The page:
The photo on the right shows the completed lens aperture cap, as it is mounted on the lens. The washers are used to hold the aperture blades in place when the knobs are tightened. A slight loosening of the knobs allow the blades to be adjusted to the desired aperture width and shape. The felt enables the lens aperture cap to remain securely attached to the lens. The cap can be turned easily to place the aperture slot in a vertical orientation. This needs to be done whenever the lens focus is changed.

I am pleased with the design of the lens aperture cap. It provides sufficent flexibility in setting the width and shape of the aperture without forcing any permanent changes to the lens. I think the maximum width of the aperture is sufficient for most applications. Once the weather improves, I will do some testing outdoors to determine if this is the case.


Completed lens aperture mounted on the lens.

May 28, 2007: Tweaks to the Lens Aperture and An Underlying Problem

Yesterday, I decided to do some indoor testing to see if the new lens aperture worked as expected. Well it did and it didn't. The aperture blades did have the desired effect of reducing the amount of light reaching the sensor. Additional testing today showed that the depth of field appears to be improved also. What was unexpected was the appearance of an orange haze at the top and bottom of the new images. This was caused by some of the aperture cap appearing in the lens field of view. Light was also leaking through the cap because it is slightly translucent.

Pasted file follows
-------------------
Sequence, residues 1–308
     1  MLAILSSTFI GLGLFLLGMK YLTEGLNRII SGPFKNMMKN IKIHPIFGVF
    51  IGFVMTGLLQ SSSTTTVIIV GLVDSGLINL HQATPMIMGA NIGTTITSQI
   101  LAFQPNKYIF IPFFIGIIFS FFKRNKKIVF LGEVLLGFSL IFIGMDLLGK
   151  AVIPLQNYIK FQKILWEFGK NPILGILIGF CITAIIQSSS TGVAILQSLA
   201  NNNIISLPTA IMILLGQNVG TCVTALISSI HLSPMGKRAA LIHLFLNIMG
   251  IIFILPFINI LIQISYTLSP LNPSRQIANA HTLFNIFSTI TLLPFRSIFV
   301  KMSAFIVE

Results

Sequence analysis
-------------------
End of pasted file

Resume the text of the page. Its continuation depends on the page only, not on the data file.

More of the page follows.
A number of things were done to resolve this problem. First, an additional two millimeters of the cap were removed so that the front of the cap sets closer to the lens face. Next, the aperture opening was extended vertically to remove the curved portions of the cap. That portion of the cap was visible in the lens field of view. Finally, an indellible marker was used to color the inside of the cap black. This significantly reduced the amount of light leaking through the aperture cap. Further testing appears to show that the orange haze has been eliminated. Testing in full sunlight will determine whether a more opaque material is needed.